The 2013-14 campaign for Lionel Messi was a disappointment for a player of his stature. He didn't win the World Cup, the Ballon d'Or, or the Champion's League - and even winning the Golden Ball as the best player of the World Cup left many Messi fans wanting for more. These, however, are the standards that Messi's past successes have set. As he attempts to return to the pinnacle of individual and team success, we think it worthwhile to examine how, exactly, Messi became the 5-time Ballon d'Or winner he is today.
Was it just his incredible talent? Was it his love of the game? Well, thanks to advanced research techniques, we have uncovered childhood footage of the Barcelona talisman. Yes, at some point in his life, Messi was a child just like you and me. Of course, he might have been a time-traveling child sent to this era by an advanced, soccer-playing race of homo sapiens, but a child he was, nevertheless. We have proof:
Now that we have you all dewey-eyed, let’s appreciate what we just witnessed. We understand if you were skeptical about whether or not this was him. But for anyone who has watched Messi for an extended period of time, that veil of mistrust was lifted as soon as he started to dribble the ball.
The similarities between 9-year-old Messi and adult Messi are uncanny: the quick movement, the wrong-footing of other players for fun, the dribbling mainly with his immaculate left foot. And, of course, the goal-scoring. All. Of. The goals. Furthermore, he was the smallest player on the pitch. It is uncertain whether or not this is because he was playing with an older age group, but it is clear that from a very young age Messi had to learn how to deal with his size, or lack thereof.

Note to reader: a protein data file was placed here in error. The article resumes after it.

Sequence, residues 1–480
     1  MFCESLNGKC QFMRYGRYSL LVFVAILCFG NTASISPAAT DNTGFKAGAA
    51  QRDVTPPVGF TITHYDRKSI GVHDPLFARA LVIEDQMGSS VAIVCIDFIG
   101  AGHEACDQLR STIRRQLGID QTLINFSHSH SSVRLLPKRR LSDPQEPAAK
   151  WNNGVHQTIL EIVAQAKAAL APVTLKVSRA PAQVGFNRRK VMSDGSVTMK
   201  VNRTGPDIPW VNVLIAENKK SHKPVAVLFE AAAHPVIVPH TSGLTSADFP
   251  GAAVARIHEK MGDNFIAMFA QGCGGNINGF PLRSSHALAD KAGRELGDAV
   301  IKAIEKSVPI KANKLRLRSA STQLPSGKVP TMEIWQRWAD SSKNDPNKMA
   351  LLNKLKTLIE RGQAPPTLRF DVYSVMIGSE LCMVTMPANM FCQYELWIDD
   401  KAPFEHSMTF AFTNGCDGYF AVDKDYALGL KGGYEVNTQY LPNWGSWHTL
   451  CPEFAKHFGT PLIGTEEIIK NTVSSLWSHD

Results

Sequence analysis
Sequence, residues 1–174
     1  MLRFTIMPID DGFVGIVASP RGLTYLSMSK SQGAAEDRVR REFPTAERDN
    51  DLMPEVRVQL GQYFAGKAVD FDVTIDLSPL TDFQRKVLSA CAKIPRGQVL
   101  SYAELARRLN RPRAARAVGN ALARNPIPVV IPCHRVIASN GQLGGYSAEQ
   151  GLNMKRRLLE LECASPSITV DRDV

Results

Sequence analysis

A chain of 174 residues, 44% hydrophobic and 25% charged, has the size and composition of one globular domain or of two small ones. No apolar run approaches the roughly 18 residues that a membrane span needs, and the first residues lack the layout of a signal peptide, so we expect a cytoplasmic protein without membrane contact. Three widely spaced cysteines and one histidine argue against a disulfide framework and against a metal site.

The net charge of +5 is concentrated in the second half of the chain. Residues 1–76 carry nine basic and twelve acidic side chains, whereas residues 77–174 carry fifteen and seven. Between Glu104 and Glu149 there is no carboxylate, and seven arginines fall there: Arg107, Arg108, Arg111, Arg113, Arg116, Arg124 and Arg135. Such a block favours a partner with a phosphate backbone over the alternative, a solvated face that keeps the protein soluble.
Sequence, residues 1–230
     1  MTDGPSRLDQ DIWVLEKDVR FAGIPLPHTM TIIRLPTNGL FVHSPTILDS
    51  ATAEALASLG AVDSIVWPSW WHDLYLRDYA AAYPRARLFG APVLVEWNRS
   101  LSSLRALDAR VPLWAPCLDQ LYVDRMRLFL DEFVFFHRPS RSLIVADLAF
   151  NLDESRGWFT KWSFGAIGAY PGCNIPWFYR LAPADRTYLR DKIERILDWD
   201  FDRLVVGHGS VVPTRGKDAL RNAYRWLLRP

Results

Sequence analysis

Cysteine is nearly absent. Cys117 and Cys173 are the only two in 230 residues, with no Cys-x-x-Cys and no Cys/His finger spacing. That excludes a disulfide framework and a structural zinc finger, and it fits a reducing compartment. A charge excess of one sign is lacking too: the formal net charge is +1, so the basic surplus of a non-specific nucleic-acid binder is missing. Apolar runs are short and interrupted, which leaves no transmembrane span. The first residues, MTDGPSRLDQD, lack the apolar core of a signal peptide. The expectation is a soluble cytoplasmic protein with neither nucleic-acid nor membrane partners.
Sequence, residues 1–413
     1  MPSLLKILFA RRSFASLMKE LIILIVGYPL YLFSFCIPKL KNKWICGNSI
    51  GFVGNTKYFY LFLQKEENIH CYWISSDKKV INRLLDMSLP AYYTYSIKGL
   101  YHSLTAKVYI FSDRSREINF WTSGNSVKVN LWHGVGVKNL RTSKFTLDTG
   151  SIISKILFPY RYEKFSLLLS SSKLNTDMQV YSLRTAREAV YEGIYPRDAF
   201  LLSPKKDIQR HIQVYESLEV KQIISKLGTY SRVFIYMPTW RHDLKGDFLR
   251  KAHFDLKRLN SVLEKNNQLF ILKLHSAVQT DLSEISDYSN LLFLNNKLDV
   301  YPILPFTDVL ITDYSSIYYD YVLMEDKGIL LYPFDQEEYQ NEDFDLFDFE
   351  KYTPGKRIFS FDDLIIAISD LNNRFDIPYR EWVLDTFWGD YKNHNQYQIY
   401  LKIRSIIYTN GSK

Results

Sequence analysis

He might not quite have had a Napolean complex, but the beginnings of his footballing personality are there. How he relentlessly tries to get onto the ball, his refusal to be knocked off it. Even at 9 years old, defenders were hacking at him like frustrated…well, children. But like some crack combination of a bowling ball and those damned toys that never fall over, he just bounces between them like a buoy with a ball tied to it.
From this video, we can clearly see that Messi, the teammate, and Messi, the competitor, are two parts of his personality that he grew up with - not something that he learned as an adolescent or young adult. This is unsurprising considering he is a professional athlete in a team sport, but that doesn't make it any less important. Watch the goal at 2:08 again, and then watch him score against Brazil as an adult:
He is the exact same. He runs - arms raised in triumph - to his teammates, who embrace him like brothers. You cannot fake a celebration like that. It is the mark of a great teammate, and you can’t help but feel good for him. Genuine, that is the best word to describe it. He wanted to score for his team, and is so darned excited that he did, that he can't help but run right to those same teammates.
It is easy for a child to be genuine. They don't know any better most of the time. It is growing up that leads to corruption, like the real world is an acid bath that slowly eats away at the glass bubble of childhood. As we grow, uncompromising realities creep through the glossy finish. Unchecked, the bubble is lost forever. We no longer have the pleasure of catching our reflection in the world around us.